Yet as human beings we can be insecure and competitive, and too often our stories and our talking becomes about us.
The danger is with this is our stories of God at work in his world and in our lives get taken with a pinch of salt, like the fisherman whose fish gets bigger every-time the story is told, the danger with the boasting pastor is what is termed “Evangel-elastic” work.
Let watch our mouths and our stories carefully that the stories of God are delivered authentically and honestly to the hearts and minds of those who hear them, knowing that we -and our words- can be trusted.
I heard about an amazing move of God, which is keeping careful records of all that God has done in bringing people to him, excluding the stories that can’t be verified, so that they can’t be accused of ‘evangel-elastic”… I can understand and applaud them doing this for God’s glory and honour, but it makes me so sad that it is necessary.
I do believe that Hyperbole is not a virtue of the Kingdom of God, nor an honourable trait amongst Christians.
So, my thoughts, are lets return real and authentic testimonies to our every day lives, lets share our stories, but make sure it glorifies Christ rather than ourselves and is delivered with authenticity and truth.
Yes, our stories may challenge our hearers to go deeper and push into more of God, but if delivered in the right way wont be condemning or belittling to those who hear them.
Let’s own our vulnerabilities and glorify Christ with his victory.
God will be at work in your life, perhaps he’s calling us to see and recognise him more?
Christianity  involves the mountain top and the valley, and it is okay to share both in our story, let us partner him in writing his story in our lives, a story that will bring glory to Christ Jesus, and a story worth telling.


Ministry, Mission, Pastor Yinka

The Miraculous Catch of Fish…

Jesus and the miraculous catch of fish

21 Afterwards Jesus appeared again to his disciples, by the Sea of Galilee.[a] It happened this way: Simon Peter, Thomas (also known as Didymus[b]), Nathanael from Cana in Galilee, the sons of Zebedee, and two other disciples were together. ‘I’m going out to fish,’ Simon Peter told them, and they said, ‘We’ll go with you.’ So they went out and got into the boat, but that night they caught nothing.

Early in the morning, Jesus stood on the shore, but the disciples did not realise that it was Jesus.

He called out to them, ‘Friends, haven’t you any fish?’

‘No,’ they answered.

He said, ‘Throw your net on the right side of the boat and you will find some.’ When they did, they were unable to haul the net in because of the large number of fish.

In many ways this does feel like an apt picture of the Church… Struggling away fishing all night but with nothing, or at least not much, certainly not what we’d have liked or dreamed off, to show for our efforts…

These fishermen were professionals, they ought to be be able to fish, it was their specialism, their expertise… Yet today they probably felt a bit like frauds, fishermen who can’t fish.

Yet when they did listened to Jesus, his way worked, what is more it was more than they could handle and they had to ask the other boat to help…

I was at an event today with the leader -Pastor Yenku- from the Gate, a Baptist Church in Reading, who has seen the most remarkable number of people becoming Christians. 

He spoke of how as an experienced Pastor he had it all mapped out, with ideas for a mini mission, follow up, alpha and discipleship explored, a nice neat structure, yet God started showing up, and his structures were like the nets in this story that couldn’t contain what God was doing.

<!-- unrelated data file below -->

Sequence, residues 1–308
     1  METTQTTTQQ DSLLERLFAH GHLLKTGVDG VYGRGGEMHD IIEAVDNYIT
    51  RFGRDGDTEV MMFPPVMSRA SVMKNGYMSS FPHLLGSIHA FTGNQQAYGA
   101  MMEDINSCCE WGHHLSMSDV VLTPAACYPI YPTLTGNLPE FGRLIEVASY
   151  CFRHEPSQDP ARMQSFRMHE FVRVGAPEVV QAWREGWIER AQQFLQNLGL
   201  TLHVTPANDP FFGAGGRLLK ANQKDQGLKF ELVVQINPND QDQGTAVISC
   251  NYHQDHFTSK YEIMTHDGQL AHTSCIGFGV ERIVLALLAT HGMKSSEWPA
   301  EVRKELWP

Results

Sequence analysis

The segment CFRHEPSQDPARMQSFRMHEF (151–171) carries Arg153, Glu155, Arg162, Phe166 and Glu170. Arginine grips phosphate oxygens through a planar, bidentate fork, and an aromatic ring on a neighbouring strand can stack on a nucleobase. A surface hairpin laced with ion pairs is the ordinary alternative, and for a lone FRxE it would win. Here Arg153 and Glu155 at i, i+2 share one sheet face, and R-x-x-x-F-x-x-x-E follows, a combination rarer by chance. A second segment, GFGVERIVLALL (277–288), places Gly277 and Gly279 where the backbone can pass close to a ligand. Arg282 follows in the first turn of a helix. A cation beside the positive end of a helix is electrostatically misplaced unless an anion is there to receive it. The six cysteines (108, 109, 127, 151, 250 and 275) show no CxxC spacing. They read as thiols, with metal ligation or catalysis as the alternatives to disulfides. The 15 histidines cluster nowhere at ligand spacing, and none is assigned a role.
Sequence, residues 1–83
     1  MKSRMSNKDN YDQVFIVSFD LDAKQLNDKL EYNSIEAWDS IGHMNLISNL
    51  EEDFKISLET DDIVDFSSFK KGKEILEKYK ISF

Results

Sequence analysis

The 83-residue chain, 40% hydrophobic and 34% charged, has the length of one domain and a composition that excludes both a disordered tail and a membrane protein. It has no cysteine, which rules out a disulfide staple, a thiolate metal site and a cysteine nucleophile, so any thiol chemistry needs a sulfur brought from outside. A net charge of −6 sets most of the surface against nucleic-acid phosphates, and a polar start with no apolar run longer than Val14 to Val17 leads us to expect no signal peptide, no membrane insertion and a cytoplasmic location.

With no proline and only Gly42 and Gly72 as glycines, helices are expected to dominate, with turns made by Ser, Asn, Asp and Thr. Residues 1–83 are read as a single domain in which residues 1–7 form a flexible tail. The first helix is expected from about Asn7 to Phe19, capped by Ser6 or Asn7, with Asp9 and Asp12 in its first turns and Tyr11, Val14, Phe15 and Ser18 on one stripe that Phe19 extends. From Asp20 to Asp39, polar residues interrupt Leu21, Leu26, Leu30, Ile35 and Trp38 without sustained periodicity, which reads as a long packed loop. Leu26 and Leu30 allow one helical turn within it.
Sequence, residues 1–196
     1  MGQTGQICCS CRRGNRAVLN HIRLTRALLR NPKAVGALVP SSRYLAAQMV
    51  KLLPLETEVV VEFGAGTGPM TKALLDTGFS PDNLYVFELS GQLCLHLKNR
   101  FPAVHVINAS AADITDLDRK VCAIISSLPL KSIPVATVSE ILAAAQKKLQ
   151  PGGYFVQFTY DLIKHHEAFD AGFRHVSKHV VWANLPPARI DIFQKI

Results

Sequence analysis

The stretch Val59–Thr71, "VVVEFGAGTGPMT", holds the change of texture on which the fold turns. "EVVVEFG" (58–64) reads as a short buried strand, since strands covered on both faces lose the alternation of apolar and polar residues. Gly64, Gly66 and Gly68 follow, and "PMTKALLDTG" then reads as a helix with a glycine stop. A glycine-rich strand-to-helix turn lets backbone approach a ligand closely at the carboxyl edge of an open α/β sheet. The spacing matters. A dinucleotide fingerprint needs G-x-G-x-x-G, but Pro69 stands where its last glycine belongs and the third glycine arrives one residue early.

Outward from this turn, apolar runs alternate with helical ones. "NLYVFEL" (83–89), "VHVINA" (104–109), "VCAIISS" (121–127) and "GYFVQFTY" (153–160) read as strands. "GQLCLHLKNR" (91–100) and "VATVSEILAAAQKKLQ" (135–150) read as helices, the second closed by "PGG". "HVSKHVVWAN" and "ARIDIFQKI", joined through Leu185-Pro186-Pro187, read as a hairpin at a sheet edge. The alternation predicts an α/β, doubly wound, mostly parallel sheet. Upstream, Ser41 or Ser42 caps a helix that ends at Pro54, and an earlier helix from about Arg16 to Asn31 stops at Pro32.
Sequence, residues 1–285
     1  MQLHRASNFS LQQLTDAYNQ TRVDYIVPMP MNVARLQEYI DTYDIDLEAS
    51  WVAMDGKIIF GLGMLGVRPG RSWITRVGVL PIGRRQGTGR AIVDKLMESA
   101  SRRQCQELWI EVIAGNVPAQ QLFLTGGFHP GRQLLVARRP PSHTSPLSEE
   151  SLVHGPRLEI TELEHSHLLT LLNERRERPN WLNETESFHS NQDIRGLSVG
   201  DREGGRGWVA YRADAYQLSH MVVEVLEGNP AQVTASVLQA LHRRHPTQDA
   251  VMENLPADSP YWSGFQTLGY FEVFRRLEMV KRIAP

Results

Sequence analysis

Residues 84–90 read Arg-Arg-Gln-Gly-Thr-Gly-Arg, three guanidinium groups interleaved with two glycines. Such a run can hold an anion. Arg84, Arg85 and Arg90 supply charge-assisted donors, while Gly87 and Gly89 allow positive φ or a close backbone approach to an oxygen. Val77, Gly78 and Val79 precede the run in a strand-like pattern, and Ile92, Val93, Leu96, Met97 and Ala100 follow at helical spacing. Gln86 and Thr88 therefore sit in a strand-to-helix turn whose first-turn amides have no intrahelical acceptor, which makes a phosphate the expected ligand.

In fact containing what God was doing, wasn’t the plan, rather to steward it wisely, the Holy Spirit blows where he wills, he doesn’t want to be contained within the Church, or even within the confinement of one individual Church or congregation, but rather like the picture from the passage above, causes us to need to work together with a mindset bigger than just our own boat, thinking not just our congregation but Gods Kingdom, and this Kingdom wants to break out onto the street.

The Pentecost story starts with the disciples hidden away behind closed doors and ends up with the Gospel having reached Rome… The gospel explodes and is uncontainable and spreads like wildfire across the (then known world), yet too often much of today’s Christianity looks pre-Pentecost rather than post Pentecost.

Pastor Yenku said “the challenge isn’t getting Christians into Church, but rather to get them out of it”. John Wimber talked of the Acts 2 Church and the ethos for Vineyard the Church he founded and he used to say “everyone gets to play” -in other words all the stuff isn’t just for biblical characters and crazy vicary types, but for everyone who follows Christ. David Pytches, the founder and former leader of New Wine, talked of “The meeting place (Church) is the training place for the market place”. Pastor Yenku challenged us as Church, asking whether we have kept this to ourselves.

This idea, that evangelism isn’t just for the evangelists, or for a few enthusiastic members but actually for all, ordinary, every day Christians (which is actually what we all are!)

In Reading one of the greatest evangelists is one of the teenagers from their youth group, and the great and good news is that for these young people that being hands on in mission and discipleship becomes for them normative Christianity.

In fact there are stories of people who have become Christians going back out into the street the next day, which often feels wrong for us as Church, which normally when someone becomes a Christian we keep them in Church and get them all Institutionalised and out of touch before we let them back out.

It’s risky, it’s messy, but actually it’s exciting, it’s what leadership I’m Christ’s Church is like, where we all go out and seek the Lord and work to see him glorified, meeting and starting not where we’d like the, but where we actually are.

A move of the spirit which takes the church from the builfings and uses its people to share the good news with those we meet.